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Bnei Akiva is proud Volume 28 to be supported by
Shabbat Tzav 5771
1) To learn about the 4 Mitzvot that we do on Purim.
2) To understand what true Simcha is and to learn about why it is important to be happy on Purim.
3) To think about what we can do to make sure that we and other people have a very happy Purim.
Purim is coming – we’re so happy!
We hope that you and all of your Chanichim have a very happy Purim. To help you achieve this goal, this Choveret is all about happiness on Purim, dealing with why we should be so happy on Purim, and how we can bring true Simcha to ourselves and others on Purim (and in general).
Take this opportunity to encourage your Chanichim to take part in whatever activities are going on in your Shul over Purim and to get involved in all of the different Mitzvot of Purim. And make sure to get involved yourselves by coming to our Purim Party at the Bayit on Sunday morning, with Shacharit at 9:30, Megilla at 10:15, and a Big Breakfast Seudah at 11:00. Don’t forget to dress up!
Thank you to those of you who have given me useful feedback on the Choveret. Please continue to tell me what you think of the Choveret by emailing me at email@example.com
Have a wonderful Shabbat, enjoy Sviva, and make sure your Chanichim enjoy it too!
Purim is perhaps the easiest of all the days in our calendar to summarise with the common Jewish joke about what all the festivals entail:
They tried to kill us… we won… let’s eat!
It’s true that Jews have been oppressed by many different people throughout history, but whereas Pharaoh tried to make us eternal slaves (see Pesach story), and Antiochus tried to convert us to Hellenism (see Chanukah story), Haman wanted to wipe us out entirely.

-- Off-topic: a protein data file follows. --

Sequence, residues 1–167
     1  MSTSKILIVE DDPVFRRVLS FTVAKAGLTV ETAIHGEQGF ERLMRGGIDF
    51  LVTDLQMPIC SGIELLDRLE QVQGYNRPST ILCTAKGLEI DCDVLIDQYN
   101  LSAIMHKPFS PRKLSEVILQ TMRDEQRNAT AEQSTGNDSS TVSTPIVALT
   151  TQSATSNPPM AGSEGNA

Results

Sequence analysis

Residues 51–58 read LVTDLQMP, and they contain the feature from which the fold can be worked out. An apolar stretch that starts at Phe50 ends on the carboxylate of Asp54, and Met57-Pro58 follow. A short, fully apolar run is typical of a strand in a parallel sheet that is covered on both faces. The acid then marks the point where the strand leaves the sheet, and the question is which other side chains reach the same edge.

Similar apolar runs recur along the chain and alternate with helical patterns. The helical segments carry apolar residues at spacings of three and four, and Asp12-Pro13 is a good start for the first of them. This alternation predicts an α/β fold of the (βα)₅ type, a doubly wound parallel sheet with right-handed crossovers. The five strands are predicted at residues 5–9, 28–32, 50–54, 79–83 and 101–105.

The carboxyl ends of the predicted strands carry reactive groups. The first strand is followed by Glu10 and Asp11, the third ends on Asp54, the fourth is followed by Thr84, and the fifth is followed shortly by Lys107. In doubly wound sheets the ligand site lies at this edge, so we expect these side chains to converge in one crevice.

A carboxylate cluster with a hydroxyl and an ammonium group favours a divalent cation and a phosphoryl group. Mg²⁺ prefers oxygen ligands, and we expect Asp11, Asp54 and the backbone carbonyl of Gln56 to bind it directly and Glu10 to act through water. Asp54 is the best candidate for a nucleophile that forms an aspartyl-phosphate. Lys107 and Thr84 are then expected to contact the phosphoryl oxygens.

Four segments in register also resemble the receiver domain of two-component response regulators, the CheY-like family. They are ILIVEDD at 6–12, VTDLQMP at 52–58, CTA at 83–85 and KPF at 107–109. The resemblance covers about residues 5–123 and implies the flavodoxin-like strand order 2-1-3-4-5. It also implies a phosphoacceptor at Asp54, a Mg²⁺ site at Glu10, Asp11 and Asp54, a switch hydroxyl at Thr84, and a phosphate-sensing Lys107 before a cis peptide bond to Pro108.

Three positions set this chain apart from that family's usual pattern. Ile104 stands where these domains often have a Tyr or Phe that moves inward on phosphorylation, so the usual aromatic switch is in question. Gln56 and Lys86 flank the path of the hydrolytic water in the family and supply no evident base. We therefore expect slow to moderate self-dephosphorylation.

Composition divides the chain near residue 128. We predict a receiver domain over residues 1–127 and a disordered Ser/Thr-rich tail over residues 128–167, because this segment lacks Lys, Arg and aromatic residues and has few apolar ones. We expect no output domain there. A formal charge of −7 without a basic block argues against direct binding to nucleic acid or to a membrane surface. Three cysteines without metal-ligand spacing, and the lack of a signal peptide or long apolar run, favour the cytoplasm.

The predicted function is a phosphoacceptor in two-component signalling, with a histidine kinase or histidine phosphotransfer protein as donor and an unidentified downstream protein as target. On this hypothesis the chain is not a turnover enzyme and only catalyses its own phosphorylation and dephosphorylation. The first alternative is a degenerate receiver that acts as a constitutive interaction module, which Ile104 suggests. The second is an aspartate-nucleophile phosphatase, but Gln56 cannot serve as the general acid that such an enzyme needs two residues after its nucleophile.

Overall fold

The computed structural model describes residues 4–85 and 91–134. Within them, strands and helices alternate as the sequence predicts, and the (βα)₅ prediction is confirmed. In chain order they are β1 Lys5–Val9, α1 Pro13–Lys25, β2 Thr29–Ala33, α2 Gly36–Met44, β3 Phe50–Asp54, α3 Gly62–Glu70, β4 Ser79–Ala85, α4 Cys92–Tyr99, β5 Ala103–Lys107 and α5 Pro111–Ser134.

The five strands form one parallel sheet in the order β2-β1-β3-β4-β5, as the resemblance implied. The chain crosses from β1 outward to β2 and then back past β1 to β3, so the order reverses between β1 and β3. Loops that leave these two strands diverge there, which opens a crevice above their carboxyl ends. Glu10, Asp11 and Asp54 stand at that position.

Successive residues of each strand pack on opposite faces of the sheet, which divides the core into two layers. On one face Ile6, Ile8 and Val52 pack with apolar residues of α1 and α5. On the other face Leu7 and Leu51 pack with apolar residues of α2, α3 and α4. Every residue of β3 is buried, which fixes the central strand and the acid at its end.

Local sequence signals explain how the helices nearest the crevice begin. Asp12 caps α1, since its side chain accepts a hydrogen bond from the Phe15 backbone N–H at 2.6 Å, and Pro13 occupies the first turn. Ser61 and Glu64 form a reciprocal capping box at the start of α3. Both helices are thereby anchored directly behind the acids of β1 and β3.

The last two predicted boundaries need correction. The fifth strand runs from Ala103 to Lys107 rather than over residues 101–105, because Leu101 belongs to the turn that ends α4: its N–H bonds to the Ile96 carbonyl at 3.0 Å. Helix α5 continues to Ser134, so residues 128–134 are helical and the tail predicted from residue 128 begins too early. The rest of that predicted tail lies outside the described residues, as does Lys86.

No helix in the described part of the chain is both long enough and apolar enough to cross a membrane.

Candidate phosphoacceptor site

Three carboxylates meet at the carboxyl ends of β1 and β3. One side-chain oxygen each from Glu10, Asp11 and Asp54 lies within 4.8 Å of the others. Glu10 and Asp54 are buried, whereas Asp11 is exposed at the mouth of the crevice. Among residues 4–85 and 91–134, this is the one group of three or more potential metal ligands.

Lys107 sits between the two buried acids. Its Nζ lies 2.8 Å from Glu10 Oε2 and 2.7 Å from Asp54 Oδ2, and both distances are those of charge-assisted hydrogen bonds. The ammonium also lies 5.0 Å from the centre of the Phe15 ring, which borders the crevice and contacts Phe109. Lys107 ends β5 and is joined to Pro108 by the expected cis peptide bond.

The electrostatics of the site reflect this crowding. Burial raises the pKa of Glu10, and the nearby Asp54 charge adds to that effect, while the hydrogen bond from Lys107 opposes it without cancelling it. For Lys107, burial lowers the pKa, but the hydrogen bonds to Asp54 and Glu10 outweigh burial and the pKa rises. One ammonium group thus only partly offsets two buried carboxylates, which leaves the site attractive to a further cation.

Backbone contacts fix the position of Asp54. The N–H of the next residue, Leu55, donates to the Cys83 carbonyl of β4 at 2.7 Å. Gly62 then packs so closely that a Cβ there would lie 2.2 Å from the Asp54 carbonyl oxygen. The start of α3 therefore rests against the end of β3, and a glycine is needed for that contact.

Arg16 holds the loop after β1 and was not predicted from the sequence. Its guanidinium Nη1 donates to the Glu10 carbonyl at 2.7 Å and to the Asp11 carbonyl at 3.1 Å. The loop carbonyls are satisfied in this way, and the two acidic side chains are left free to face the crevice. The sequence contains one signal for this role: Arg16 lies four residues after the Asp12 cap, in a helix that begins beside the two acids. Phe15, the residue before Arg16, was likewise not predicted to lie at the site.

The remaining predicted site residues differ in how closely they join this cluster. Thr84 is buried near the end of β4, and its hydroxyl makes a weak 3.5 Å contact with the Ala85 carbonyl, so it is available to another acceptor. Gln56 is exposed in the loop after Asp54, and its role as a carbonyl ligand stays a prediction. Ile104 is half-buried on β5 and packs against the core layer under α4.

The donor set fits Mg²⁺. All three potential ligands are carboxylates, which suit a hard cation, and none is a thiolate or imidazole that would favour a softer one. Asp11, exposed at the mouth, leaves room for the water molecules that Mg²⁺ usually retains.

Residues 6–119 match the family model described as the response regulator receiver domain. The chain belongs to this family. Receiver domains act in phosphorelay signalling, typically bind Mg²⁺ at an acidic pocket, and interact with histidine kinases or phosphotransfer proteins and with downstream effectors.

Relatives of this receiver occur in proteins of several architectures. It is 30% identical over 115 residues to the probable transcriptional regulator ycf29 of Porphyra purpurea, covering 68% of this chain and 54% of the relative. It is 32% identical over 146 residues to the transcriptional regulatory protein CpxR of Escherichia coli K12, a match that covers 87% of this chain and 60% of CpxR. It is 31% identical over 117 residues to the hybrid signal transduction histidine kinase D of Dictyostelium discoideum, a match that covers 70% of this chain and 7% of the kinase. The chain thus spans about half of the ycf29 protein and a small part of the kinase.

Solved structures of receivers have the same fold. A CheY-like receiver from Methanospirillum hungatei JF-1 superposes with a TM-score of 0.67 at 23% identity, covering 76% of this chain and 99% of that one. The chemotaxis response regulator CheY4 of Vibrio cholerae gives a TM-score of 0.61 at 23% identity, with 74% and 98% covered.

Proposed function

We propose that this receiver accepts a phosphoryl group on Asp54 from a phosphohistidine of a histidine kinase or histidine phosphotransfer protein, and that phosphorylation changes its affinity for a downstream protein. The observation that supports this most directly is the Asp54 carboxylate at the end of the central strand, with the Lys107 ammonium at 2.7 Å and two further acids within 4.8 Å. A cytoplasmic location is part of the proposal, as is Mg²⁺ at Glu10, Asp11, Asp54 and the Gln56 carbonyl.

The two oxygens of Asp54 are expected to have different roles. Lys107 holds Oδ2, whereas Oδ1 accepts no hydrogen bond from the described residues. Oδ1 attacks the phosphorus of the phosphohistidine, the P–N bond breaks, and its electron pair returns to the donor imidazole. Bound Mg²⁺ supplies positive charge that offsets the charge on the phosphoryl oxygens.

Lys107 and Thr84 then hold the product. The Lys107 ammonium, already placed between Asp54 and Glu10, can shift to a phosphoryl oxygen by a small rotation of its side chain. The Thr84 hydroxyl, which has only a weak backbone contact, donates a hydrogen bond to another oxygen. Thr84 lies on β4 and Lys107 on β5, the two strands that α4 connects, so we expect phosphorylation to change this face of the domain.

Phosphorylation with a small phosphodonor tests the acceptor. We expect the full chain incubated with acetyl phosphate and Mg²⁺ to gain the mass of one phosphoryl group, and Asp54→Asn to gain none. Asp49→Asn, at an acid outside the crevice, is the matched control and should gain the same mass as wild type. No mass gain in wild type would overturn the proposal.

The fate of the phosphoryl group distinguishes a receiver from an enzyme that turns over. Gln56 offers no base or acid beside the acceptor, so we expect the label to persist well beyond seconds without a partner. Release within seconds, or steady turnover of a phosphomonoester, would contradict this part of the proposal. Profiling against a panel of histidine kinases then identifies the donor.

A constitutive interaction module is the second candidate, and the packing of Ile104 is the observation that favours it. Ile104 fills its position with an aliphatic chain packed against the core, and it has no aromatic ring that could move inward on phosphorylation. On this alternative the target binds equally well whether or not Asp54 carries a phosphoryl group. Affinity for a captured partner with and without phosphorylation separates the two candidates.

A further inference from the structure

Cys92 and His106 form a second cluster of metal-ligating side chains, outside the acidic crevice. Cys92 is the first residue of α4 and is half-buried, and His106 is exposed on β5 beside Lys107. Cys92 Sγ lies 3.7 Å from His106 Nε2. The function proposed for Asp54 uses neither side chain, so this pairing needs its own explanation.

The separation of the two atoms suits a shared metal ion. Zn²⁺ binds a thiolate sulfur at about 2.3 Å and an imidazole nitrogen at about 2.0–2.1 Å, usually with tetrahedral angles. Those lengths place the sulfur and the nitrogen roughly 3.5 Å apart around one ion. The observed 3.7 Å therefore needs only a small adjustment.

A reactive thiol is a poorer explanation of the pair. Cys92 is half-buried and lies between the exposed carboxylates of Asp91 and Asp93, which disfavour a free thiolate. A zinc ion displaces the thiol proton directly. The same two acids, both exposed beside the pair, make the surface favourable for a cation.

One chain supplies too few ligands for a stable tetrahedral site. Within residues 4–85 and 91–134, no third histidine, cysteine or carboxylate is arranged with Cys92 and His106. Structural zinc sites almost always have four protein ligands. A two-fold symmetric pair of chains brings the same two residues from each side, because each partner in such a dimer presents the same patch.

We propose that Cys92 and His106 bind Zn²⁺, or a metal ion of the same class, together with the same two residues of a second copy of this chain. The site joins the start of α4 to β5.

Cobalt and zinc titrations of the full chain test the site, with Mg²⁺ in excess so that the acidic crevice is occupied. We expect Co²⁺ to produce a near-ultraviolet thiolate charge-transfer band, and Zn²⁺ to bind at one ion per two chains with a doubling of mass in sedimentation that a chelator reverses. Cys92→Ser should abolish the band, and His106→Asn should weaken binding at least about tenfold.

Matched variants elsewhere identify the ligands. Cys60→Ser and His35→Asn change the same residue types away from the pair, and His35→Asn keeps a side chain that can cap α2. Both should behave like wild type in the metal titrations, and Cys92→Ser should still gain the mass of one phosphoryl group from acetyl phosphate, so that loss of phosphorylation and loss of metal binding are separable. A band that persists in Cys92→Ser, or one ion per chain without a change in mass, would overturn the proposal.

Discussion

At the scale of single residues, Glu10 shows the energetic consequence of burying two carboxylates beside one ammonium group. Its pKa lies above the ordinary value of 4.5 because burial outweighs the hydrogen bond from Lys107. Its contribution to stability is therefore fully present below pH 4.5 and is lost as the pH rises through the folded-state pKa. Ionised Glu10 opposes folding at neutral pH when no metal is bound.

In addition, although food plays an important role in most of our Chagim (if not in everyday life), on Purim we have a specific Mitzvah to have a Seudah, where we eat, drink and be merry like on no other day.
Four Happy Mitzvot of Purim
When we compare the Mitzvot of Purim to the Mitzvot of other festivals, it is no surprise that we are meant to be happy on Purim – and indeed for the whole month of Adar – as the Mishna in Mesechet Taanit (29a) says:
So what are the four Mitzvot of the day and how do they make us happy?
To hear the Megilla twice - We should make sure to hear the Megilla on Motzei Shabbat and on Sunday morning. Our happiness should come from appreciating that Hashem turned events on their head (‘venahafoch hu’) and that we were saved from Haman’s decree (even though Hashem is not
mentioned directly in the Megillah).
To have a Seudat Purim - We should make sure to have a big meal on Purim day where we eat and drink. Our happiness should be relatively straightforward for this one!
To give Mishloach Manot to two people - We should give two different people gifts of two items of food or drink each with different Brachot. Our happiness should come from the joy of giving to others.
To give Matanot l’Evyonim to two poor people - We should give enough charity for two different people to be able to have a proper meal on the day of Purim itself. Our happiness should come from enabling others who are less fortunate than us to participate in the Mitzvot of Purim as well.
משנכנס אדר מרבין בשמחה .
When we enter the month of Adar we increase in happiness.